What was most helpful about my critics' comments was that I had been reminded that if you want to say something useful, you have to stay up with the game. I've been out of the arena of GW and GW discussion for some time and have forgotten much and misremembered more.
So, following my own personal interests and alert to my new-found ignorance, I chugged through the chapter with full intention of finding something to say and blogging it here. Which I probably will, later.
But in the interim I've been diverted by a sideline which I feel certainly deserves a mention. Thanks to dialogue on RealClimate (sidebar link) and via email, I got to thinking about one of the best books I have ever read. And I have read a lot of books.
It isn't a book about climate change or global warming. It isn't strictly science fiction, nor truly easily fitted into any particular genre, but it is profound, affecting, literate and relevant.
From his own website, I have borrowed the following:
Finalist, Nebula Award
John Campbell Award Finalist
BBC Critic's Choice (Best SF
THIS IS THE WAY THE WORLD ENDS
In 1995, George Paxton is an ordinary American living an ordinary life in an ordinary town. Content as a tombstone carver and family man, George lacks only one thing: a fashionable "scopas" survival suit--complete with sanitary facilities and a Colt.45--to protect his daughter in the event of nuclear war.Then, through a twist of fate, George secures the coveted suit, a deluxe golden model, for the price of a mere signature. Unfortunately, what he signs proves to be a diabolical pact affirming his complicity in the escalating arms race, and as the war that could never happen happens, George is whisked into the past and the future to face the consequences of his actions.
Morrow's own comment is most pertinent here:
At first blush, a critic might bracket This Is the Way the World Ends with other post-holocaust fiction. From Alas, Babylon through A Canticle for Leibowitz to Riddley Walker, this genre has commonly styled itself an avatar of hope. My goal lay elsewhere. I began with the assumption that most people would prefer to exercise hope before the warheads arrive. I wanted to speak for victims, not celebrate survivors.
Even the most elaborate nuclear exchange would probably fail to extinguish Homo sapiens. Some of us will muddle through. In This Is the Way the World Ends, though, I decided to use self-extinction as a metaphor for the legions who won't make it. It's all very well to valorize our species's undoubted resilience, but a mass grave is hardly a fit monument to such sentiments.
Reading Jonathan Schell's The Fate of the Earth., I was particularly impressed by one line: "The right vantage point from which to view a holocaust is that of a corpse." It struck me that most nuclear-war fiction is really a kind of pornography, inviting us to identify with winners while the losers, the corpses, drop away. So how might a novelist assume the vantage point of the dead? Through recourse, I reasoned, to the tools of speculative fiction. Eventually I hit upon the conceit of "the unadmitted," the generations whose births were canceled by the extinction. I gave them flesh and a temporary lease on life.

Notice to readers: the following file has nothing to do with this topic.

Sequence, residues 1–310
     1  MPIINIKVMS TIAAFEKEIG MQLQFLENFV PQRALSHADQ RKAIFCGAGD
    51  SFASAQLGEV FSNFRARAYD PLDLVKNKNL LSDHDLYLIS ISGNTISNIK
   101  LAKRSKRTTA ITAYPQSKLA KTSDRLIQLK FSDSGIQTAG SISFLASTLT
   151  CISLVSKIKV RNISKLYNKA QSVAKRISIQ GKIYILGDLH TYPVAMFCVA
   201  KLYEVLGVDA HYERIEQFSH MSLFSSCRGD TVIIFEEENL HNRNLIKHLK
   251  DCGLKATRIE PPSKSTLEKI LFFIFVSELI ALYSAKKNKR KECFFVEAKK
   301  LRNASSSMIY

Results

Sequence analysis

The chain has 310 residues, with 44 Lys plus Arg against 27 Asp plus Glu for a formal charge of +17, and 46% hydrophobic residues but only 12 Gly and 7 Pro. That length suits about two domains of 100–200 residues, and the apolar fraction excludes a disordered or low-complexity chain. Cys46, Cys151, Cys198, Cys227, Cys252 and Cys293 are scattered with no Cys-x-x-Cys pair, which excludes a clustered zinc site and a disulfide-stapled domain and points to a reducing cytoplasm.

Reprinted from SFWA Bulletin
How good is this book? Here are two critics' assessments:
"This Is the Way the World Ends begins where Dr. Strangelove ends. It is a tale told from the other side of the grave--quite literally from the point of view of the dead--and what makes it so wonderful is not merely that it is informed about how and why the world may end, but because throughout it remains a true tale, rich in narrative and moral complexity, magically inventive and comic ... This Is the Way the World Ends defies genre. It is science fiction the way Gulliver's Travels is science fiction, fantasy the way John Collier's Fancies and Goodnights is fantasy, satire in the way George Orwell's 1984 is satire. It is also profoundly and grimly comic in the way Thomas Berger's novels are comic. Which is only to say that This Is the Way the World Ends is a unique mix of science fiction, satire, fantasy, and comedy--a gorgeously crafted and insanely funny tale about mortal and ghostly matters. It is a fable for our times, yes, but (except in a few of the too-lengthy trial sections) rarely moralistic or heavy-handed ... James Morrow is an original--stylistically ingenious, savagely funny, always unpredictable. He has written a story of the way and the why of our dear and foolish world--its sources of life and of death--that is utterly dazzling and memorable."
"Add to this scenario great suspense, fast action, a complex and sympathetic protagonist, and unrestrained black comedy, and the result is a wonderfully surreal novel worthy of comparison with the best political satire of this century ... Everyone should read this book: pacifists, moderates, militarists, and especially the uncommitted."
John A. Zurlo
Forth Worth Star-Telegram
The relevance comes from transposition. Morrow places his protagonist in a position where he is judged by future generations, both living and never born (the 'future dead') for his shared complicity in failing to prevent disaster to befall the planet, for thinking of himself first and not considering the consequences of his choices.
I am sure an intelligent reader can draw the obvious comparisons for herself.
I don't need to advise you to read and digest. The process of reading alone will guarantee that you will think about lots of things, not least how brilliant Morrow is.Please, read the book.